Growing Up Green Charter School
Long Island City NY 11101
A progressive, hands-on approach to learning with an environmental theme
Two sites one-half mile apart
With a greenhouse, a chicken coop, plants in the classrooms and an egg-laying duck named Walter, this charter school offers kids the chance to "grow up green," as its name suggests. Kids sail on a schooner at South Street Seaport to learn about the history of exploration, build shelters in Central Park to learn how Native Americans lived, or visit the Queens Botanical Garden to study "Trees and Me."
"We probably go on more field trips than any other school in the city," said founding principal Matthew Greenberg, who blends the progressive practices honed at Manhattan School for Children and Bank Street with lessons in building community he learned at a Catholic school, where he also taught.
This charter school, opened in 2009, is meeting its mission so well that it's being cloned, with a new school of the same name opening in 2016. Greenberg was tapped to be executive director of both.
Students here are assertive and eager to defend their positions. One class discussed writing a persuasive essay to the mayor and a judge urging them to reconsider the reversal of the ban on Styrofoam lunch trays. Citing research, one girl pointed out both sides of the issue.
The elementary school, housed in a former Catholic school building has an old wing, complete with old-fashioned cloak rooms, and a brighter newer wing. Every inch of space is used. There is no library, so the corridors, some rather dimly lit, house the school's books, including those used for Read-180, a program for struggling readers. Twelve staff members share the main office, and special education guidance providers are in side-by-side small cubicles off the multi-purpose gym. Fortunately many staff members have been around since the school's inception and seem to get along well. Several bring their own children to the school and, as of 2016, it is written into the school charter that staff children get priority in admissions, in the same way that siblings do.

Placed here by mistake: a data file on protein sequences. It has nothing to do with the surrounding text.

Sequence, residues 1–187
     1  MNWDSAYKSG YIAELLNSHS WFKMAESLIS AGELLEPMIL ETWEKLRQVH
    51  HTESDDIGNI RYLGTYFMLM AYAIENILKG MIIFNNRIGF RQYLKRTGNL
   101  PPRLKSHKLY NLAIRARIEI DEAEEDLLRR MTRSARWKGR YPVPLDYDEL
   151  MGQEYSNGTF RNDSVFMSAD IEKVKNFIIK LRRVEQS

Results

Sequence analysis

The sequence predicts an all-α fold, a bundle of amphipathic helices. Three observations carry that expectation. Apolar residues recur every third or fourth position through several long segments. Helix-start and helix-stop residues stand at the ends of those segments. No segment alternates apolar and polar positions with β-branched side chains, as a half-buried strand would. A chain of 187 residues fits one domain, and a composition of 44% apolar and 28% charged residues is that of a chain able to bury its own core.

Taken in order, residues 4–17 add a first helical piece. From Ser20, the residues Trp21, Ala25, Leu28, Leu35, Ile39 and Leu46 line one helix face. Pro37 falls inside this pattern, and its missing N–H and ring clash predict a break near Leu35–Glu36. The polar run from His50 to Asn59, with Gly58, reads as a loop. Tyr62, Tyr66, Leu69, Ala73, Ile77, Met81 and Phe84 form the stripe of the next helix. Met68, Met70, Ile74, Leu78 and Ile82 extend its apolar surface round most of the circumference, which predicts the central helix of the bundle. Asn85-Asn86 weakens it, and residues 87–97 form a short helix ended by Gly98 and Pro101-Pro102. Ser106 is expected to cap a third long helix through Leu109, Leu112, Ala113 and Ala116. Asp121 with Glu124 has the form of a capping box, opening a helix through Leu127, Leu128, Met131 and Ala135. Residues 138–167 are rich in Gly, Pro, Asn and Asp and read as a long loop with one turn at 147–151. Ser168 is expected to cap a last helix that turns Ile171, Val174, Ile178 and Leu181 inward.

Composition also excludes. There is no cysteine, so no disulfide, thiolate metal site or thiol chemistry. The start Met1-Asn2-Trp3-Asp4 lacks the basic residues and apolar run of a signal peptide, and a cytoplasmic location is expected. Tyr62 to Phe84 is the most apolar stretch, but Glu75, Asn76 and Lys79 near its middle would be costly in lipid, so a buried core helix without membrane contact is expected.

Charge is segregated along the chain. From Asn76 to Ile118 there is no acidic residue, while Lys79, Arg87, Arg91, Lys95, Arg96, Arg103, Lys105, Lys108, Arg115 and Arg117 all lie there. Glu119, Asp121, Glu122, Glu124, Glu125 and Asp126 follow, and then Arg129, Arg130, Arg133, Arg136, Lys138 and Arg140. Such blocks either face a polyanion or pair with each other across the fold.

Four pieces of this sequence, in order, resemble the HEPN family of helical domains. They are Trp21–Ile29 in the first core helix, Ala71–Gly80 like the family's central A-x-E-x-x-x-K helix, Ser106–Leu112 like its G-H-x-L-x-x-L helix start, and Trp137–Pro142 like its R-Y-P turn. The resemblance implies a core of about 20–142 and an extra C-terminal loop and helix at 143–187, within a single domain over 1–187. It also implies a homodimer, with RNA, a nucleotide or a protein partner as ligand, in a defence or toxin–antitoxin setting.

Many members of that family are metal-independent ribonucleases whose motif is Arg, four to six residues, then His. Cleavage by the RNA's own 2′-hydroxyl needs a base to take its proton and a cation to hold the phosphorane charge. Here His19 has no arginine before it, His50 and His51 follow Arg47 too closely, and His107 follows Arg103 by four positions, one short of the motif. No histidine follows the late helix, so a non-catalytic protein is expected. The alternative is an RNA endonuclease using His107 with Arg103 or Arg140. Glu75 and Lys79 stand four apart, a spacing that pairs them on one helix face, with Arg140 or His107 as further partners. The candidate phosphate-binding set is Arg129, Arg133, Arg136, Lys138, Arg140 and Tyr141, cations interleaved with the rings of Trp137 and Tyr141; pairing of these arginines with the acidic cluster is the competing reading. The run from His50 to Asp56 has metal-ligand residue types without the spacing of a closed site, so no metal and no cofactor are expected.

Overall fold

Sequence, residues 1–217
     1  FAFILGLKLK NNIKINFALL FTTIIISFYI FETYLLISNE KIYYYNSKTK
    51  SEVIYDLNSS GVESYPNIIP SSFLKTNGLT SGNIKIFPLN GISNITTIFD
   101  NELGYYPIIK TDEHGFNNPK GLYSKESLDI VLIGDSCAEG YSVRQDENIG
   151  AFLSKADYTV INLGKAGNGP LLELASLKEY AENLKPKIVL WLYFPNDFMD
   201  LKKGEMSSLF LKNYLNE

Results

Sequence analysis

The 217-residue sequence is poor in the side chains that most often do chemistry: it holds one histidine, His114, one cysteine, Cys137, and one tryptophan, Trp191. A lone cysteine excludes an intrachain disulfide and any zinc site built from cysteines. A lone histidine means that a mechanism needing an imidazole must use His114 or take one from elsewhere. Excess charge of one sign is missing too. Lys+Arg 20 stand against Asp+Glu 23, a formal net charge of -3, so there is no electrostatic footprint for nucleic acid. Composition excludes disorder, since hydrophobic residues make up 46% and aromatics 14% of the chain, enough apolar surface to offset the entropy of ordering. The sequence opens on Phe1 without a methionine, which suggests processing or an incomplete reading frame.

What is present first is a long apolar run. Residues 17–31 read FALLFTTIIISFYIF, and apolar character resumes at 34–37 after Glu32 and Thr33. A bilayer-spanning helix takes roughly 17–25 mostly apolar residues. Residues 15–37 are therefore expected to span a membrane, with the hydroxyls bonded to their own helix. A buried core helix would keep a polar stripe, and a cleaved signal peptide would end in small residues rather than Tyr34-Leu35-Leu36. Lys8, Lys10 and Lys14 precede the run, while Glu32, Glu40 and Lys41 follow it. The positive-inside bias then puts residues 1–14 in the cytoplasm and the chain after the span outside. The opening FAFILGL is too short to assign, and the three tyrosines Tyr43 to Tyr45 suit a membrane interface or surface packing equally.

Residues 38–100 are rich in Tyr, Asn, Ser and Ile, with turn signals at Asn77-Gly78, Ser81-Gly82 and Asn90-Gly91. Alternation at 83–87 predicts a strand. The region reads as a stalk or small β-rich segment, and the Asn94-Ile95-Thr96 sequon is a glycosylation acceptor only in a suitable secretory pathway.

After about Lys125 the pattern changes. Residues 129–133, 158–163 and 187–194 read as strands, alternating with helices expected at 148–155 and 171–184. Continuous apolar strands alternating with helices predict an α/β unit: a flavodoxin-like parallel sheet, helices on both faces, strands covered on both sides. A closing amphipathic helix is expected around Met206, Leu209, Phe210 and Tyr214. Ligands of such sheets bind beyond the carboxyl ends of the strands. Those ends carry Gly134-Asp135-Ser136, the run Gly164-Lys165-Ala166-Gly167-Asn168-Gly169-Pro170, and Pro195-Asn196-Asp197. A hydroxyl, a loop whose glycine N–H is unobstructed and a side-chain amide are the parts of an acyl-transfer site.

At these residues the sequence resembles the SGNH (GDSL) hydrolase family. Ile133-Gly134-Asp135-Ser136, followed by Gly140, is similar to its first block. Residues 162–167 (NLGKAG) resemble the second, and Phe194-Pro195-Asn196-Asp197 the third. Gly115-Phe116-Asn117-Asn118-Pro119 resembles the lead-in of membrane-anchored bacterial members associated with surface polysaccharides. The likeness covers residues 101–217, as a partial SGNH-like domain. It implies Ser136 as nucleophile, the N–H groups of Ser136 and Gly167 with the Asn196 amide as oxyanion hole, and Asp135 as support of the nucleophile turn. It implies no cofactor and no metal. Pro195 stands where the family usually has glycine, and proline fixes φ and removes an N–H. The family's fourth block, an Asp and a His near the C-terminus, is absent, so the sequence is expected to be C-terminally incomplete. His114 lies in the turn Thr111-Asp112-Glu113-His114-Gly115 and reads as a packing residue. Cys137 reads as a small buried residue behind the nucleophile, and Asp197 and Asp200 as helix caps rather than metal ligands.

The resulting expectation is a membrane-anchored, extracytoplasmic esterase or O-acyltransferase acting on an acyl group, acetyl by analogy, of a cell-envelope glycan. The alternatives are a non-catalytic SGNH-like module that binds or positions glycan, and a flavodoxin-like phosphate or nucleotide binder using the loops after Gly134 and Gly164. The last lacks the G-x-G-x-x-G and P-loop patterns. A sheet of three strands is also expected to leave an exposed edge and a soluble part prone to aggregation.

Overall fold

Class size is about 28 per classroom in the elementary school, but with at least two teachers in each classroom, it seems manageable. There are 24 students per class at the growing middle school.The middle school, located about a half mile away at36-49 11th Street,opened with a 6th grade in 2014 in a space formerly used as a pre-kindergarten. It is still being refitted for adolescents. There is a small outdoor yard, with some picnic tables and basketball hoops but no gymnasium. It is a long walk from the nearest subway train too.
The green theme continues, encompassing not only recycling and the environment, but also community service. Every morning begins with an advisory, teaching organizational skills and addressing social-emotional issues.
There is a Regents track class in math and science, and some students take algebra and the Earth science Regents. Sixth-grade English students, were doing a poetry slam about "where I come from"; 7th-graders were tackling Shakespeare and reading "Macbeth," learning how Shakespeare's language differs from today's vernacular. Music students finishing a unit on Martin Luther King, Jr., learned freedom and protest songs and were asked to create a song or poem of their own.
About 75 percent of the elementary students stay for middle school; other popular choices are the Baccalaureate School for Global Education, Young Women's Leadership School and Hunter's Point Community Middle School. Members of first graduating class of 8th graders in 2017 were accepted to a wide range of high schools including Stuyvesant, Frank Sinatra, Beacon, Townsend Harris and LaGuardia.
SPECIAL EDUCATION: There is an ICT class on every grade, SETSS, and services such as speech and occupational therapy, as well as lots of supports within classrooms.
ADMISSIONS: District 30 lottery; priority to siblings and children of staff members. In 2015 there were 1,600 applicants for 125 spots school-wide. Growing Up Green accepts students on every grade level, as spaces open up. (Pamela Wheaton, January 2016; updated March 2017 with high school admissions information)